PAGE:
I think, the most important question to answer to ask is what’s the best and most relevant manner in which one can engage with a given opportunity. And at the same time, in terms of ROI, it makes sense. Synergy with the specific audience segment and opportunity cost, both are important. Scope for creating engagement could be on-ground, team associations, multiple ways of actively or passively building connections, depending on the requirement of the brand.  

Your favourite PBL team?

I am big fan of both Carolina Marin and PV Sindhu, so whichever team they are playing for, I will root for them.  

The latest India Watch report finds that sporting events are becoming increasingly popular in smaller cities as well as among women. What opportunities do you see for brands as live coverage of sporting events reaches Tier-II, Tier-III cities?

Increasing the penetration of this format across larger cities gives an opportunity to create engagement on ground as well as brings in eyeballs from more cities for the sport. The sport benefits for sure. Live coverage gives more engagement options for brands on ground as well as bringing in newer audiences into the fold, which is good.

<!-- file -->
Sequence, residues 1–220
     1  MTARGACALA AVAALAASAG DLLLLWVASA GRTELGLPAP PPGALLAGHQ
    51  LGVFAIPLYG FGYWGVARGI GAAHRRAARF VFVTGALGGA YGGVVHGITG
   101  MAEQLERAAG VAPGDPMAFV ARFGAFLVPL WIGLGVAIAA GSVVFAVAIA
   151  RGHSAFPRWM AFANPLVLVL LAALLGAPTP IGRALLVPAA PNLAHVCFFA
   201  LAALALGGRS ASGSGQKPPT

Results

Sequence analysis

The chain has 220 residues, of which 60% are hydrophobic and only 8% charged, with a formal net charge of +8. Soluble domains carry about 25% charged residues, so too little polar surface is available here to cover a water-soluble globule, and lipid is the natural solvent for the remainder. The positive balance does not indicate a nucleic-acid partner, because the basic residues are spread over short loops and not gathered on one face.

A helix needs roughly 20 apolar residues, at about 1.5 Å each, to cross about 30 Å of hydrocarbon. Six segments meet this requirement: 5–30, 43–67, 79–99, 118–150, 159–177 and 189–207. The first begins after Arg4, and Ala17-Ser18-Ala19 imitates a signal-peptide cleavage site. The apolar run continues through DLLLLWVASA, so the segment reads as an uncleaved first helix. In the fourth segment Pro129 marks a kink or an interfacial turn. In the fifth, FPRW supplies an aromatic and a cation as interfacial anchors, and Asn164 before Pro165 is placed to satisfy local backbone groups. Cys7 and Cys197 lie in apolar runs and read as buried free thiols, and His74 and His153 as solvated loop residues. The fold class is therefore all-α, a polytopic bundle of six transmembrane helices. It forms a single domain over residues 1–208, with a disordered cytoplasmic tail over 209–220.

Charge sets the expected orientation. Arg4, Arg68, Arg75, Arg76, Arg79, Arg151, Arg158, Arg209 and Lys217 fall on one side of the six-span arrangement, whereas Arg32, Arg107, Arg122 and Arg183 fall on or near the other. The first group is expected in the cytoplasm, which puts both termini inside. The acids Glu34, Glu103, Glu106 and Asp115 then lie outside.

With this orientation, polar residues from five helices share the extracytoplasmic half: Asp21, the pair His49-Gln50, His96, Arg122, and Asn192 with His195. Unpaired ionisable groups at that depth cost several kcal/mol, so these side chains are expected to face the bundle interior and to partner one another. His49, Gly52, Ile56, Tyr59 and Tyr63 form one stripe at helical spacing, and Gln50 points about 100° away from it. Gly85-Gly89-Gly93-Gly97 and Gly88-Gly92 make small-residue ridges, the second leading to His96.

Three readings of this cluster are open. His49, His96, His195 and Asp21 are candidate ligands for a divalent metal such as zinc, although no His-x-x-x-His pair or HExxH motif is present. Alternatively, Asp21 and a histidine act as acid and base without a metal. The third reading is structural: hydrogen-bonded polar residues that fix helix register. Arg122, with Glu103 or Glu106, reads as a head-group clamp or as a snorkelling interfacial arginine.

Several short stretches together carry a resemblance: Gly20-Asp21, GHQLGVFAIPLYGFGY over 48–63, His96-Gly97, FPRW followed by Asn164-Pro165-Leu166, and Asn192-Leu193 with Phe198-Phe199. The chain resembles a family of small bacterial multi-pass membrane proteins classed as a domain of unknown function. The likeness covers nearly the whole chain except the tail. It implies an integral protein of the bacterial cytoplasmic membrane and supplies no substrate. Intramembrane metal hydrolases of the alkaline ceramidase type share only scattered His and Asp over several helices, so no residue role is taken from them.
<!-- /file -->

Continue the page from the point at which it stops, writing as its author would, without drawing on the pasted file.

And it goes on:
Badminton, unlike other sports like soccer, hockey or kabbadi, is one sport which is equally popular with both men and women – does this make PBL more attractive for certain specific products like Fashion brands or FMCG?

In terms of absolute viewership numbers of all domestic leagues, it’s split between 40/60 for women : men. Right now, for newer leagues like PBL, the numbers are not yet large enough for us to dissect and pass a verdict like that. More importantly, for a brand, the way they see an opportunity is basis the relevance to their own consumer segment and the connect that they can build with this opportunity, that’s more important. 

PV Sindhu and Tai Tzu Ying bagged Rs 77 lakh each in the auction that happened. International names are now bagging spots in the seven teams. How do you think PBL has helped build stature for Indian and international clients?

I think PBL has contributed wonderfully in building badminton. It’s growing at a great pace, we have more players, amazing talent that’s coming on board and all this means there’s so much more growth for players and the game and more investments. Of course, it’s a long journey, but it’s a great start for sure.